Carmakers Stress Green at Detroit Auto Show

GM plans to introduce eight new hybrid models -- running on both fuel and electricity -- in the U.S. by the end of the year.

U.S. and foreign automakers are pushing environmentally friendly driving to the top of their agendas as they unveil at the world's biggest motor show a range of green innovations designed woo customers. "We need to develop alternative sources of propulsion," said General Motors chief Rick Wagoner during previews of the Detroit Motor Show which opens to the public from January 19 to January 27. With oil prices soaring, boosting use of alternative fuels is a "business necessity and an obligation for society" in a world that consumes 1,000 barrels of oil a second, said Wagoner. "The demand for energy around the world is growing faster than supply."

The Big Three automakers -- GM, Ford and Chrysler -- touted their commitment to green "concept cars" as consumers worry about the price of oil. GM presented the Cadillac Provoq, a battery-powered four-wheel drive and is to launch a test fleet of the 100 Chevrolet Equinox equipped with the battery technology within weeks. It also plans to introduce eight new hybrid models -- running on both fuel and electricity -- in the U.S. by the end of the year. Wagoner meanwhile stressed the importance of alternative "bio-fuels" in weaning drivers off oil. GM announced a partnership with renewable energy company Coskata to produce plant-based ethanol fuel for vehicles. The car maker unveiled a prototype of its sturdy Humvee -- typically associated with high fuel consumption -- that runs on E85, a blended fuel containing mainly ethanol. Meanwhile, Ford president Bill Ford announced "a global commitment" to become "leader in sustainability." Much as European automakers, Ford has introduced a new ecologically-friendly brand called Ecoboost that will be expanded in 2010 even to big pick-up trucks. Ford wants to sell 500,000 vehicles under this label in the next five years. Chrysler is also a player in this field, presenting prototypes of electric and hybrid vehicles.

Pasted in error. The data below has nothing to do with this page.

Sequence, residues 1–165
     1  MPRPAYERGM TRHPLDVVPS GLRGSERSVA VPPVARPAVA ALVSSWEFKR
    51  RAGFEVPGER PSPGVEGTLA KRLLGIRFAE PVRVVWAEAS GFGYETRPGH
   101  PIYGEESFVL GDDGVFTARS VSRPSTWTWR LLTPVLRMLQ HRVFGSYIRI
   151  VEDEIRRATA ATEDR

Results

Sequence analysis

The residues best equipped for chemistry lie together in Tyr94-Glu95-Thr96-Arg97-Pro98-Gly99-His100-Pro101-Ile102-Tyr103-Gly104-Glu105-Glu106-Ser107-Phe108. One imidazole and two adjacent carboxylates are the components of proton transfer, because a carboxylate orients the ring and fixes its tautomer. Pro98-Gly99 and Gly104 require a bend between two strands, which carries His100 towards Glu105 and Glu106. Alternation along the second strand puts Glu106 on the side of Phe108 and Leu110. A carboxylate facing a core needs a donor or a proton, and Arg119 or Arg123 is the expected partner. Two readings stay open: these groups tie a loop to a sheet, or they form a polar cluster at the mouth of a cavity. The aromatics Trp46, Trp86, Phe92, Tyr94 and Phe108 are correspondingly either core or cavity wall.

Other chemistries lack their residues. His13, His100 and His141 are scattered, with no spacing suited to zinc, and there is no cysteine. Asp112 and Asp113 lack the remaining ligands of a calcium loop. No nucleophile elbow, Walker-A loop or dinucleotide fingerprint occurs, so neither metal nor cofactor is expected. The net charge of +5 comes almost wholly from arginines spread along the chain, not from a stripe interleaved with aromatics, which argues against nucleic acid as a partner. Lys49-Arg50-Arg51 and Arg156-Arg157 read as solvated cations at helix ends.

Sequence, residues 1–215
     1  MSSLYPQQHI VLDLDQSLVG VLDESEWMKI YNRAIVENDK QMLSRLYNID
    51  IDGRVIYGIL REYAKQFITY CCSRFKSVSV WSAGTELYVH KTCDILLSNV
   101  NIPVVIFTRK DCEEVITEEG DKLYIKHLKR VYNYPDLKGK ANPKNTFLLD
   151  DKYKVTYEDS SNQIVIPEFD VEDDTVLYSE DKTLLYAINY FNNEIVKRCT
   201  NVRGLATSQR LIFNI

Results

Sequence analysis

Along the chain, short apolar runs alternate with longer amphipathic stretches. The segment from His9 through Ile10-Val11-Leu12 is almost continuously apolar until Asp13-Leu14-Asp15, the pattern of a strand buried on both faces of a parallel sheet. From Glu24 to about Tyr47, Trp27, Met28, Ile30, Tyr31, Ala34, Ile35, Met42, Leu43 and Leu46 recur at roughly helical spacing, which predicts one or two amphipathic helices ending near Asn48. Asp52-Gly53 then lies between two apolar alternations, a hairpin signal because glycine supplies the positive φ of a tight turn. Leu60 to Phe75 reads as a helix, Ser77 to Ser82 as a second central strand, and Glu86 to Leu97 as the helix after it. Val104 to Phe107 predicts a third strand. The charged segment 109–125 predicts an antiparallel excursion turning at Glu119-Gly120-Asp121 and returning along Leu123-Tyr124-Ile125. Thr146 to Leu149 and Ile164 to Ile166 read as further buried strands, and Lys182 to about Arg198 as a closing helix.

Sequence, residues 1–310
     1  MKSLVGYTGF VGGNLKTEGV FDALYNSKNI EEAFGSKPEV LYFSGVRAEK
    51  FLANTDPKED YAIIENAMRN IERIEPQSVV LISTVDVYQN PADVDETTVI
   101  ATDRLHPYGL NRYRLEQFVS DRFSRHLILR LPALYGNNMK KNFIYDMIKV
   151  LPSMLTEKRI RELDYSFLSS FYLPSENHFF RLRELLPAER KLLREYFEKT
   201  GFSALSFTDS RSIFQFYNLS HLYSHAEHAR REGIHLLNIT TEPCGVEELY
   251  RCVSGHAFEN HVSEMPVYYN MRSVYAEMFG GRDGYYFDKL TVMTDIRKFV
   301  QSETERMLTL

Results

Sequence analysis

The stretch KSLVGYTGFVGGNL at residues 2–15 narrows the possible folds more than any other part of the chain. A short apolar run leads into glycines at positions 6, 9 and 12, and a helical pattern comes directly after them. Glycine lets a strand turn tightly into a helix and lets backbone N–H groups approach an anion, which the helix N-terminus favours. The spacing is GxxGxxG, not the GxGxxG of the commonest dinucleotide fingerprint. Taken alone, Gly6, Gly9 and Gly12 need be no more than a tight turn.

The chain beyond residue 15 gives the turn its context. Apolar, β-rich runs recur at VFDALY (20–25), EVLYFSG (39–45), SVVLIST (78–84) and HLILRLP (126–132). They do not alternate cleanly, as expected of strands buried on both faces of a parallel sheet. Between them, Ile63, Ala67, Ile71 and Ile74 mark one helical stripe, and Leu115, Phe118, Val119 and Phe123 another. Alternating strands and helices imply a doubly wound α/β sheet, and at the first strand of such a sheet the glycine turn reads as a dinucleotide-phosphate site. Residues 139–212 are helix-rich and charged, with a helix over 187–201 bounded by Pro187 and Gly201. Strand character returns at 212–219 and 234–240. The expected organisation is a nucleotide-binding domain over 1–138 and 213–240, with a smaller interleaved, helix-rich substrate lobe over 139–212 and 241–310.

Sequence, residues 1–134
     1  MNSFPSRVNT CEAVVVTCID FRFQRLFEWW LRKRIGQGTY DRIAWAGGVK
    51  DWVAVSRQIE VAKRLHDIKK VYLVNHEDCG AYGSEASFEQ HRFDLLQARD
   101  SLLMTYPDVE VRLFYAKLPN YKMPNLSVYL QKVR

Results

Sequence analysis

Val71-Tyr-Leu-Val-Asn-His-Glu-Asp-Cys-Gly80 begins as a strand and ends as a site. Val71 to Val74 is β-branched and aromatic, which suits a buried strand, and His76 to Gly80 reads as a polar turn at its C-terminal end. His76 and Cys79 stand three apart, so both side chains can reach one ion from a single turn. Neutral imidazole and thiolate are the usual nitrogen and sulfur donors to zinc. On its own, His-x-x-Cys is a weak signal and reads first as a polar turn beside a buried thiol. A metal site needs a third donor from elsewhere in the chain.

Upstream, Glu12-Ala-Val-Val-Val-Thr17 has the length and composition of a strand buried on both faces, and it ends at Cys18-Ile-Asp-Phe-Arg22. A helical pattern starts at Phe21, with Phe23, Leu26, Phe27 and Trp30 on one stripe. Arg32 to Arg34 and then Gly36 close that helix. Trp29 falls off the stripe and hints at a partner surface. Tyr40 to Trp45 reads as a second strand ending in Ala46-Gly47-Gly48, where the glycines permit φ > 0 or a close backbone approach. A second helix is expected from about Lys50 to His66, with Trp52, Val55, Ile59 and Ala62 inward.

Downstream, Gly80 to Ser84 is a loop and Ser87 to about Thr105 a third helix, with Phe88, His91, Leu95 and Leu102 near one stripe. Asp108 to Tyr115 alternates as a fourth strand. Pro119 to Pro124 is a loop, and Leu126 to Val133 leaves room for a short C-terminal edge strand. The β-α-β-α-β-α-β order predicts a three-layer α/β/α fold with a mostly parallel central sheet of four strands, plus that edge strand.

The U.S. automobile market must now face double constraints imposed by constantly soaring gasoline prices and new government regulations that tightened fuel consumption standards, which should be reduced by 2020 by 20% to 40% compared to 1985. "The subject is coming quite seriously," said Mercedes vice president Herbert Kohler. "We had no such subject years ago."

The "green" fashion has reached even builders of luxury cars, with Ferrari presenting for the first time F430 Spider, a car that works on biofuel. It is a prototype. But "we have the technology and we are ready" if the market situation evolves, said Adam Rowley, vice president of Ferrari North America.

Copyright Agence France-Presse, 2008

Hide comments

Comments

  • Allowed HTML tags: <em> <strong> <blockquote> <br> <p>

Plain text

  • No HTML tags allowed.
  • Web page addresses and e-mail addresses turn into links automatically.
  • Lines and paragraphs break automatically.
Publish